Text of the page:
After the eighth cycle, the catalyst materials were not regenerated, but instead collected from the reactor and analyzed by thermogravimetric analysis (TGA) combined with on-line mass spectrometry (MS) to investigate the coke deposits formed. The change of weight per temperature interval as a function of temperature is shown in Figure S5. In addition, during the combustion a distinct CO2 profile is observed for each catalyst by on-line MS analysis, which is shown in Figure S6. These profiles accurately describe the temperature where coke is combusted, which is between 300–650 °C; the weight loss corresponding with this temperature interval is included in Table 1. The amount of CO2 detected is very small for the catalyst containing only Pt, for the bare support, and for the catalysts containing K. Less coke is therefore deposited on these catalysts, in agreement with what was observed with operando UV/Vis spectroscopy. On the other hand, the absence of K and the presence of Ga results in significant amounts of coke on the catalyst surface. As Brønsted acidity is associated with the deposition of coke, the presence of GaOx may introduce acidity to the catalyst surface, resulting in catalyst coking. When K is present on the catalyst, these sites are poisoned, inhibiting the formation of coke. Note that this implies that almost no acidity is present on the bare support to start with.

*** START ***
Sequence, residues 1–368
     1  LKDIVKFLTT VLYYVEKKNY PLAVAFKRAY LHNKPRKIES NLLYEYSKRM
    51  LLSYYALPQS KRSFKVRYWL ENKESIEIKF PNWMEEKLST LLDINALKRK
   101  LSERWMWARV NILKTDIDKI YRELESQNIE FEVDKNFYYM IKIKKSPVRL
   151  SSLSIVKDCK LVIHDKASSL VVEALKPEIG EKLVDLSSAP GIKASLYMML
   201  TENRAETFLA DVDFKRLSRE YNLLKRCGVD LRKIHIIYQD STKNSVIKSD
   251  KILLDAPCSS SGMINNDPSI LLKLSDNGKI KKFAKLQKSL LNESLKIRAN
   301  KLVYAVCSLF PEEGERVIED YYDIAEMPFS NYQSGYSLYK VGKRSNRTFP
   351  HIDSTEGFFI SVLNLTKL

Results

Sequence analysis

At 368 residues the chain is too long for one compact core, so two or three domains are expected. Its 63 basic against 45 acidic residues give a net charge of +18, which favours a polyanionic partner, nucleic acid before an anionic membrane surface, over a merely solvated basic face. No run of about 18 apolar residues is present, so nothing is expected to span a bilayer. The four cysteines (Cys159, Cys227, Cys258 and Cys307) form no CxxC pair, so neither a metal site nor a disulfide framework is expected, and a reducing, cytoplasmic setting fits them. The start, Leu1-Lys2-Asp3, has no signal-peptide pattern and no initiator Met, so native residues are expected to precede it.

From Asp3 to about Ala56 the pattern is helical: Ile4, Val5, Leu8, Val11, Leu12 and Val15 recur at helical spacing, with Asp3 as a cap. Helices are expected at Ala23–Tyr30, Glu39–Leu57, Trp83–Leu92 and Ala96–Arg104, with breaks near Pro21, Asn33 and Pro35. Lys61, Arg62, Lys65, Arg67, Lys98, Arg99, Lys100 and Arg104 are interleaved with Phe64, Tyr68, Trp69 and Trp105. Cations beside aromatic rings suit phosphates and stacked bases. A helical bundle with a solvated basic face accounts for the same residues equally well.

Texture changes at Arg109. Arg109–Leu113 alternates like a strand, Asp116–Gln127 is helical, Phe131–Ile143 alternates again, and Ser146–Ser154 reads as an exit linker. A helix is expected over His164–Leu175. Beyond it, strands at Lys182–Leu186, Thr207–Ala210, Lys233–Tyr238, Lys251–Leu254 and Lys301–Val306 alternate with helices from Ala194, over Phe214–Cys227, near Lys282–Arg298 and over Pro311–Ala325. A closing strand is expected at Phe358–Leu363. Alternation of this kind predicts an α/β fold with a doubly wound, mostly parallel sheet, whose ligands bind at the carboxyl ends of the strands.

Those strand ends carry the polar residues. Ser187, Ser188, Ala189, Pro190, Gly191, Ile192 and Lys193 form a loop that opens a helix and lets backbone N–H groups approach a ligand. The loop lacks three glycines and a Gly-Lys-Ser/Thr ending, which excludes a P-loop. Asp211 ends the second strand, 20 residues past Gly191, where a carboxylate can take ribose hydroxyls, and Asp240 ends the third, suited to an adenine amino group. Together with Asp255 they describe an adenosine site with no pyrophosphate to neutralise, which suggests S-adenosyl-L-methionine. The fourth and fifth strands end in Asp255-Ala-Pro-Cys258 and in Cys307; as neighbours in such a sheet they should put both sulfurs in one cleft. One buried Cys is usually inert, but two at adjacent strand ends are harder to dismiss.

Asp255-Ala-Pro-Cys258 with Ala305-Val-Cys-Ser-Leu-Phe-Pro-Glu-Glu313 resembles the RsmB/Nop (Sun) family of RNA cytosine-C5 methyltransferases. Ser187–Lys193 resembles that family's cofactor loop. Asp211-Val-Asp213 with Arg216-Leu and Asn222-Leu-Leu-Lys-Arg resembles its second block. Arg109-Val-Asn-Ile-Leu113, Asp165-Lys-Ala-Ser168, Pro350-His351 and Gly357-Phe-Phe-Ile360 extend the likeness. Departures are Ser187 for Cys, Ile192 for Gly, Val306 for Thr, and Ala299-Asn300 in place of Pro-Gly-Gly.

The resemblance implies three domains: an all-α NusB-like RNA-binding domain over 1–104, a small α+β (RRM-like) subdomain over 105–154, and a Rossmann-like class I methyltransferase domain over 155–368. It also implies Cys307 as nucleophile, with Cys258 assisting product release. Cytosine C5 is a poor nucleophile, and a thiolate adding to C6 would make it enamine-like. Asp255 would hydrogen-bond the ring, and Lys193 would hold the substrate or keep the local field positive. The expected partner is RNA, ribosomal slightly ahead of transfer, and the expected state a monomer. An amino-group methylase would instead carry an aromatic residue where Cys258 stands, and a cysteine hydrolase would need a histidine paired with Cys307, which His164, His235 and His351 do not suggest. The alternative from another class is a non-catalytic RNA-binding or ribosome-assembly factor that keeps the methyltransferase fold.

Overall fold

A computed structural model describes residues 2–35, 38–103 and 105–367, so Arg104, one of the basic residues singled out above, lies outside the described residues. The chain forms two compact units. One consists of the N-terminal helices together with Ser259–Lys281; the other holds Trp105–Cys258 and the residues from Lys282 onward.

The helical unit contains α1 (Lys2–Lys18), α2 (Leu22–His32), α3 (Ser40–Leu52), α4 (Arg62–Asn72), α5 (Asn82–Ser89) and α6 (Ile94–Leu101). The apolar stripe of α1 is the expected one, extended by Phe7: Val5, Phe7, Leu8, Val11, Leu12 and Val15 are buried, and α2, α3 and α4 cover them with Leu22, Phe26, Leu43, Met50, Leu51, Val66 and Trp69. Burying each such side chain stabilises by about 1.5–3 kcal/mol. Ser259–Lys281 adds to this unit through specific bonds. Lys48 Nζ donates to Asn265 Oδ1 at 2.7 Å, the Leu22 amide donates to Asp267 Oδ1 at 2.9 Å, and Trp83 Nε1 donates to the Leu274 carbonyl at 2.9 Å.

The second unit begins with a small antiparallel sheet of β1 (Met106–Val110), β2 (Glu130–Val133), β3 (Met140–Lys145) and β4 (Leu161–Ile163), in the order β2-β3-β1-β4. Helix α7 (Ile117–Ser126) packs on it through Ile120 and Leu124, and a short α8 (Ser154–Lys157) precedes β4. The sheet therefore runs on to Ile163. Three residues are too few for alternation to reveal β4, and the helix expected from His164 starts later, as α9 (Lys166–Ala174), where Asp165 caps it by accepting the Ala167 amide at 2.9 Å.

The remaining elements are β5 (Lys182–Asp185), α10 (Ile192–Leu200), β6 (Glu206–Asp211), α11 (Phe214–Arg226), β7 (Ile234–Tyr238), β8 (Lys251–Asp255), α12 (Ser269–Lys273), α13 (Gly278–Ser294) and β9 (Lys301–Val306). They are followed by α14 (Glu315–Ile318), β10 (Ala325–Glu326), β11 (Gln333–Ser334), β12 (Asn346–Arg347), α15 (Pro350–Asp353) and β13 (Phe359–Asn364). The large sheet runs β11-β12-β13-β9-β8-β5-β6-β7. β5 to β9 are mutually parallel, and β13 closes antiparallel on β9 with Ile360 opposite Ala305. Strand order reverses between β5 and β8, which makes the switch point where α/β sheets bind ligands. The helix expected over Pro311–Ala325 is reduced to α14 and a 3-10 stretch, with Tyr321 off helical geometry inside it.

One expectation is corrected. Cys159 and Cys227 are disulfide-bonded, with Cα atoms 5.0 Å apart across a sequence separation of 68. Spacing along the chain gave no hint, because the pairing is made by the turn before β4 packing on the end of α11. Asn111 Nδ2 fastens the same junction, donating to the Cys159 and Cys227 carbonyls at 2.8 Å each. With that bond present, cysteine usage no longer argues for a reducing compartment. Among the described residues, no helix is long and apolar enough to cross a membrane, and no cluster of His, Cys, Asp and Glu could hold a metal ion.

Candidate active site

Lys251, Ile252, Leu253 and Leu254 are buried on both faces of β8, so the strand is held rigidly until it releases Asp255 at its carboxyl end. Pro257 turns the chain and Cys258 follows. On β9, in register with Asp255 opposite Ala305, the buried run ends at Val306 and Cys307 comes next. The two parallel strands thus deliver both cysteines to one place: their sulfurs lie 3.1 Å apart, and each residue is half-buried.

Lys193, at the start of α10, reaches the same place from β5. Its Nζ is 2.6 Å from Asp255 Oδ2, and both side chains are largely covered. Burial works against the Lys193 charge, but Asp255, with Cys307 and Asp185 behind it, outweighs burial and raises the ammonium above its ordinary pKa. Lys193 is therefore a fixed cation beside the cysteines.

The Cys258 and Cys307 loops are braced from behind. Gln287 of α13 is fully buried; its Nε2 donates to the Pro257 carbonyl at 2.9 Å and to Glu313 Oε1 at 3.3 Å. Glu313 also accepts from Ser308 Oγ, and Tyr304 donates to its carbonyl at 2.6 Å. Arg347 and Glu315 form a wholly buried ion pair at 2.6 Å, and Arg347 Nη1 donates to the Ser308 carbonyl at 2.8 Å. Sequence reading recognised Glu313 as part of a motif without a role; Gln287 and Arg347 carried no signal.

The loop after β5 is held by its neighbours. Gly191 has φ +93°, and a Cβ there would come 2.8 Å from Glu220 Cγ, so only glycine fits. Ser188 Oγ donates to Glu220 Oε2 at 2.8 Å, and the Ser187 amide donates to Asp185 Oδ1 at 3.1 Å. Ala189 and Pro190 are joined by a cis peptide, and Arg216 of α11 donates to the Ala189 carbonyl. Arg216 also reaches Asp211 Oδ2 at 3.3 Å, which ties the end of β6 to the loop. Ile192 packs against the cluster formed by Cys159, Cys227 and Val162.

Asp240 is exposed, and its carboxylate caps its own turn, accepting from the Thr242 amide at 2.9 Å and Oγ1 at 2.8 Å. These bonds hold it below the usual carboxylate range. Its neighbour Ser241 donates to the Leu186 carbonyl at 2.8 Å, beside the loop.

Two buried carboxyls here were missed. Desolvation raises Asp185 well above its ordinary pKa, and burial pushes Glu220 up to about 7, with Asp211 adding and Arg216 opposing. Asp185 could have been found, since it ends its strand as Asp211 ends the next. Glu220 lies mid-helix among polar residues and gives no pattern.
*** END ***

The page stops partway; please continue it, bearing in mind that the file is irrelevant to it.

The specific nature of the gallium species present on the catalyst was investigated by collecting 71Ga MAS NMR (magic-angle spinning NMR) and XPS (X-ray photoelectron spectroscopy) spectra of the fresh Pt3Ga and 3Ga catalysts (Figure 4, Figure S7, and Table 2). In the NMR spectra, two peaks with chemical shifts of 151 and 15 ppm are observed (relative to the signal of Ga(NO3)3), corresponding to tetrahedrally (IV) and octahedrally (VI) coordinated Ga3+, respectively.12 The spectra show a strong resemblance to 71Ga MAS NMR spectra of a ternary oxide composed of Ga, Al, and O, as reported by Chen et al.13 Such a mixed oxide is likely formed during the high temperatures (750 °C) of the calcination step after impregnation. Chen et al. proposed that a spinel structure is formed, in which Ga3+ is preferentially located in a tetrahedral coordination. Such a tetrahedral preference of Ga3+ has been reported for several mixed oxides containing Ga and is explained by a covalent contribution to the metal oxygen bond caused by the so-called d-block contraction. As the d-orbital becomes completely filled, it ineffectively shields the nuclear charge, resulting in a higher polarization power.